The Modern Way to Build a PyramidThe Modern Way to Build a Pyramid, oil on linen, 45 x 60cm, 2019

As such cruelly ironical, ruthlessly absurd works as The Dream of the Central Banker (2017) and Refugees (2016) make clear, Walton is a social critic.  Some people may think The Best Is Yet To Come (2018), but in fact the apocalypse has arrived, as Four Horsemen (2019) suggests.

Four HorsemenFour Horsemen, oil on linen, 45 x 60cm, 2019

The horseman—a bug-eyed cowboy—may look like a comic toy, but the joke is on us. 'Apocalypse' is the Greek word for revelation, and, however comically absurd a revelation appears to be, the annihilation it announces is total. The contradiction—opposition, incompatibility—between the Irish Saint Patrick and the British Winston Churchill epitomizes Walton’s negative dialectics, perhaps better called pessimistic dialectics, for Ireland and Britain are irreconcilably at odds, spiritually different, and, as Walton’s work suggests, obsolete, fading heavenly mirages that have almost become caricatures of what they once were, or claimed to be.

The Best is Yet to ComeThe Best is Yet to Come, oil on linen, 45 x 67cm, 2019

Caricature, carried to a pop art extreme—pop art is the vernacular art of the demos, a facile cliché-ridden art that appeals to the crowd rather than the aristocrats in Walton’s Europa and the Bull painting (aren’t ancient myths also clichés?), but also a socially (and instantly) comprehensible art, and as such readily assimilated into Walton’s representationalism—is endemic in Walton’s art.  It reaches an ironical extreme in Novus Ordo Seclorum (2018), his absurd yet psychosocially realistic rendering of the American President Donald Trump as Conan the Barbarian, implicitly Hitler, as the hands raised to him in the Nazi salute ('Hail Victory', more pointedly 'Hail Caesar', supreme strongman ruler).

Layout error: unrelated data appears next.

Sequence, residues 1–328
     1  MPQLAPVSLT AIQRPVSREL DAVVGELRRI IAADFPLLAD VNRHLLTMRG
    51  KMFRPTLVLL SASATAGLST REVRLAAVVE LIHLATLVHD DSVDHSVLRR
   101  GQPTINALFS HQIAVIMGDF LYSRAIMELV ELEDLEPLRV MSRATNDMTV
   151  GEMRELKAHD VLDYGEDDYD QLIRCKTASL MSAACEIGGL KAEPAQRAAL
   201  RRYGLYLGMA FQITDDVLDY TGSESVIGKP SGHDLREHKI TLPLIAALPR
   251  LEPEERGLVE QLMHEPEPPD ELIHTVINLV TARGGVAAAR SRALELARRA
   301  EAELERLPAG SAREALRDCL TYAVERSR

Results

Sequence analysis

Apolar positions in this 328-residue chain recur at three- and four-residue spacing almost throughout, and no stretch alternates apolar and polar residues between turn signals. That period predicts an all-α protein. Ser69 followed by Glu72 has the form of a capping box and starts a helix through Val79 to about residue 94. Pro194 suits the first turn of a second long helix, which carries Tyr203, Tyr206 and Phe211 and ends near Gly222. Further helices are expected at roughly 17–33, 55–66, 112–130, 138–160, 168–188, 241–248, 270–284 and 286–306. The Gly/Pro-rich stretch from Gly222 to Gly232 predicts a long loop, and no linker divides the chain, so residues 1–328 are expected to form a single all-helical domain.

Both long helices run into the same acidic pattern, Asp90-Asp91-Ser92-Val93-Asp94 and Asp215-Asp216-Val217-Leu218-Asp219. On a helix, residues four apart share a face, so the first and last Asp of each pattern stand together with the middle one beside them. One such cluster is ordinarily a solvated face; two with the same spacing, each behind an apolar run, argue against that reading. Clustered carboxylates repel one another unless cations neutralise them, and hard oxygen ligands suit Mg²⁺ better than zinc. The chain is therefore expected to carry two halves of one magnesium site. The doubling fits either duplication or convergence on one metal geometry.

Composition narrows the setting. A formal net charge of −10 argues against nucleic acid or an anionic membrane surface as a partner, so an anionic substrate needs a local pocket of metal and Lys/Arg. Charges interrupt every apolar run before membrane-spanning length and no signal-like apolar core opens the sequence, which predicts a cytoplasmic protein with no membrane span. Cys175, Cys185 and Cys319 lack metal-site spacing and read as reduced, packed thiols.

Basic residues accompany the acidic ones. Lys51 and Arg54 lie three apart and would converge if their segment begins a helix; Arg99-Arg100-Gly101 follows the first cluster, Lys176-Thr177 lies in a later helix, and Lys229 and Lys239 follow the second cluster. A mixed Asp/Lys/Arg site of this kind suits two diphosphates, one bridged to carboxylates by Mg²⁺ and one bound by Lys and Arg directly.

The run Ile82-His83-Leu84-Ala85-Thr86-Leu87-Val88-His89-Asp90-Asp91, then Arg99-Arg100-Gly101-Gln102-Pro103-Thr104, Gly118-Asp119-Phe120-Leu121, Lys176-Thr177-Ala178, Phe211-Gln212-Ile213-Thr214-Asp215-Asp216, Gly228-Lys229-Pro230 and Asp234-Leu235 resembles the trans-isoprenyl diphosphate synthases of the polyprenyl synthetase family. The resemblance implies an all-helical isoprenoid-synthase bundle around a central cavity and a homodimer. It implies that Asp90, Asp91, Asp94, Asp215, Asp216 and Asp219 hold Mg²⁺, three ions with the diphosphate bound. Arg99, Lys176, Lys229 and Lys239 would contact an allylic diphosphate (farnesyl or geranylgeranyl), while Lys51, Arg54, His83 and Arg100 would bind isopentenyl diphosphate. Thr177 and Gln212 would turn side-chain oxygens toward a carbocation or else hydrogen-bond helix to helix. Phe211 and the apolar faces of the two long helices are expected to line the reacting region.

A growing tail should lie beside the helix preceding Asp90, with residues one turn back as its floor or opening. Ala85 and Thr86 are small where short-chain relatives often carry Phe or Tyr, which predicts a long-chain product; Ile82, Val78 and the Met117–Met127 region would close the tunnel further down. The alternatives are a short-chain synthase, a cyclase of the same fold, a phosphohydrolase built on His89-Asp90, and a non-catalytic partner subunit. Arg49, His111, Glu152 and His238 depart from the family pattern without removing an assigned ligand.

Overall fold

Novus Ordo SeclorumNovus Ordo Seclorum, oil on linen, 125 x 100cm, 2019

Walton’s pictures are loaded with connotations—he is an educated artist, his art is more than 'self-expression', a major example of what I have called the new objectivism (whatever traces of the old subjectivism linger in his atmospheric handling)—giving them an inner resonance and depth that the Pop Art he utilizes lacks, confirming that his works, with their disturbingly enlightened skepticism (or is it cynicism?) are High Art.

It's the End of the World as We Know itIt's the End of the World as We Know It, oil on linen, 30 x 60cm, 2006

In the end, they are about the triumph of death in the modern world, as It’s The End of the World as We Know It (2006), with its skull and crumpled map of Europe and Africa, accompanied by books about the end of this, that, and the other thing, suggests. Time is running out, as the hourglass makes clear. Living death is ironically evident in the regression of man to ape—civilization to barbarism—as Monkey Painting (2013) suggests. The animal skull seems to be grimacing with amusement. Even modern art will die—is at a dead-end—as Lego Mondrian (2015) suggests. The Mondrian painting is made of lego blocks, suggesting it is a colorful toy—like the tower in I'm Still Standing (Yeah Yeah Yeah)—and with that a tragic joke. It rests against a darkish skull, suggesting that abstract art is the death mask of art. All three works are Vanitas paintings, suggesting that for Walton, in the last analysis, all is vanity, including art—the most insightful and unnerving vanity of all.

- Donald Kuspit, 2019

First published in Conor Walton: Asymmetrical Warfare,
Luan Gallery, August 2019

Lego MondrianLego Mondrian, oil on linen, 25 x 35cm, 2019

(1)Surrealists on Art, ed. Lucy R. Lippard (Englewood Cliffs, NJ:  Prentice-Hall, 1970), p.19
(2)Ibid., p.30

Donald Kuspit
Donald Kuspit

Donald Kuspit is one of America’s most distinguished art critics. He is Distinguished Professor Emeritus of Art History and Philosophy at the State University of New York at Stony Brook, and has been the A. D. White Professor at Large at Cornell University (1991-97). He is also Senior Critic at the New York Academy of Art. He has received many awards for his work, including the prestigious Frank Jewett Mather Award for Distinction in Art Criticism (1983). He has doctorates in philosophy (University of Frankfurt) and art history (University of Michigan), as well as degrees from Columbia University, Yale University, and Pennsylvania State University. He has received honorary doctorates from Davidson College (1993), the San Francisco Art Institute (1996), the University of Illinois (1997) and the New York Academy of Art (2007).  His books include A Critical History of Twentieth Century Art (2006), The End of Art (2004) and The Rebirth of Painting in the Late Twentieth Century (2000).